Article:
First Amendment principles and fairness to the conveyor of the information (i.e., the advertiser) require that the advertiser should be allowed to choose any method available as along as it satisfies the goals and needs of providing consumer information and protection. There is no dispute that disclosures that are required in traditional media in order to avoid deception should also be made in electronic media. The issue is whether the precise form of disclosure should be mandated when there are equally effective alternatives. Indeed, electronic media may provide means that heretofore were not available (e.g., disclosure next to a triggering representation in small, but contrasting font, that is capable of being enlarged when the user clicks on it). They should not be precluded by rules that are too specific in their mandate.
DMA agrees that the overall or net impression approach is the correct one when determining whether or not a disclosure is effective and avoids deception. In short, DMA believes that such a disclosure should be easy to find, easy to read, and easy to understand. That is as far as the Commission needs to go. The frequency, placement and content of a disclosure will depend entirely on the format and context in which it appears and what it is intended to accomplish. Any effort to itemize specific requirements, i.e., to define and mandate the elements that make up the overall or net impression, is a dangerous undertaking. The overall or net impression should remain the test. A blanket rule that dictates what constitutes prominence, detraction, distraction and the like does not appear to be appropriate. What preliminarily is believed to be a distraction may actually be an enhancement to conveying a message clearly and conspicuously. It should not be pre-judged by rule.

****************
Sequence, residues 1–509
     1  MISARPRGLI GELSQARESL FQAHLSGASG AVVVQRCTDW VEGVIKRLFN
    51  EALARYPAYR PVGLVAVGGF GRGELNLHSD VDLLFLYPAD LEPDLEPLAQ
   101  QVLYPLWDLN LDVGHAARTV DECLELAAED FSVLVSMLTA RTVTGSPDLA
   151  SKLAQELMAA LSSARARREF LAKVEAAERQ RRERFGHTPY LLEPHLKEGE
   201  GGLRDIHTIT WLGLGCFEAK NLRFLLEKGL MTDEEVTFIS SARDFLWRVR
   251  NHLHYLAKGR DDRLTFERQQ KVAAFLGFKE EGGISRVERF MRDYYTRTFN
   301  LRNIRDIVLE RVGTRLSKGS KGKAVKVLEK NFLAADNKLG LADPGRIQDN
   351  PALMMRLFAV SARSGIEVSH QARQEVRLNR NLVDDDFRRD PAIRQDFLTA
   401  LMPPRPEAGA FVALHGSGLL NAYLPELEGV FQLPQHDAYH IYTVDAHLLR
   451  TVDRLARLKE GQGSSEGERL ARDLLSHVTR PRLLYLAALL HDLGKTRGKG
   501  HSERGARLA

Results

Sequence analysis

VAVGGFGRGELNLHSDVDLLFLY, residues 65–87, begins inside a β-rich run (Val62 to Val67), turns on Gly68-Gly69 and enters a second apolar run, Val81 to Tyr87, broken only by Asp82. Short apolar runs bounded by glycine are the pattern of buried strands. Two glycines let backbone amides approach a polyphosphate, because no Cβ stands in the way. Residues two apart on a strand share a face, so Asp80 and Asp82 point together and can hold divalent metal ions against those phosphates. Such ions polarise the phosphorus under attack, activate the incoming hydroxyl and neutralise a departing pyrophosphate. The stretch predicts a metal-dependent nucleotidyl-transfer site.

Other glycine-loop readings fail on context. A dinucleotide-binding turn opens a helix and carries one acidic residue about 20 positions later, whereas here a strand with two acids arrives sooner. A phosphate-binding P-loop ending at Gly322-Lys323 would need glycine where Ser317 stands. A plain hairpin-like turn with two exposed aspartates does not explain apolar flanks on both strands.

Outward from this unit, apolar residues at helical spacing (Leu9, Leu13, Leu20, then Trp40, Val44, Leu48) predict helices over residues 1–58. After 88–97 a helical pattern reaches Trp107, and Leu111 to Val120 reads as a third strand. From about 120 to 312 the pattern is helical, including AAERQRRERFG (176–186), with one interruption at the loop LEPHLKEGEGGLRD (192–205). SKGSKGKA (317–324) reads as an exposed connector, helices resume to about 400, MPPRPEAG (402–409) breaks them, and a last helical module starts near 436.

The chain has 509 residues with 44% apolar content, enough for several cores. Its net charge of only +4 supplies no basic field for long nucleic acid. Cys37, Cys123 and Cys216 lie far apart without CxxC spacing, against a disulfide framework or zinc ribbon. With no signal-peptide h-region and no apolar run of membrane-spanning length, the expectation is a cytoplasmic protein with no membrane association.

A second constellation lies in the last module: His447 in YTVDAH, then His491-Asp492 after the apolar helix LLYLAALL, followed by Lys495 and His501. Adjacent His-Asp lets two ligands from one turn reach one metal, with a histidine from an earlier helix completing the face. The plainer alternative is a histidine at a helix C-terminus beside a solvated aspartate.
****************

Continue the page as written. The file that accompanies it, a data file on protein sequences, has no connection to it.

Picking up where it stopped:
A case-by-case approach, with consumer research and evidence specific to each situation, ultimately may provide the basis for a broader based approach. There does not appear to be any reason to mandate that disclosures required in multi-sensory promotions appearing in electronic media must themselves always be multi-sensory. Television, for example, which contains both audio and video, does not have such a requirement. Again, disclosures of sufficient size and prominence and in such location to be easy to find, easy to read and easy to understand, in context, should be the requirement.
Size requirements may present a unique difficulty to marketers in electronic media. Dictating size requirements may result in disclosures running over onto subsequent pages which will benefit neither the marketer nor the consumer. Those and other placement considerations should be allowed to evolve (i.e., by individual case analysis) and not be legislated without adequate experience on which to base a decision.
What screen location is most likely to attract a consumer's attention may depend on the design of the page. Pop-ups, animation, blinking, borders, etc. may attract a consumer's attention depending on format and location. How they affect overall context and impression will vary from situation to situation.
DMA appreciates the opportunity to provide these preliminary comments. It favors the establishment and maintenance of electronic media that have a high level of consumer confidence when commerce is conducted in those new media. Its only caution is to be certain that the method of applying established legal principles does not inadvertently create unnecessarily burdensome requirements for e-marketers, burdens which will create costs that ultimately will be borne by consumers.
DMA would be pleased to participate in any workshop that further explores and analyzes the issues raised by the Commission's proposal.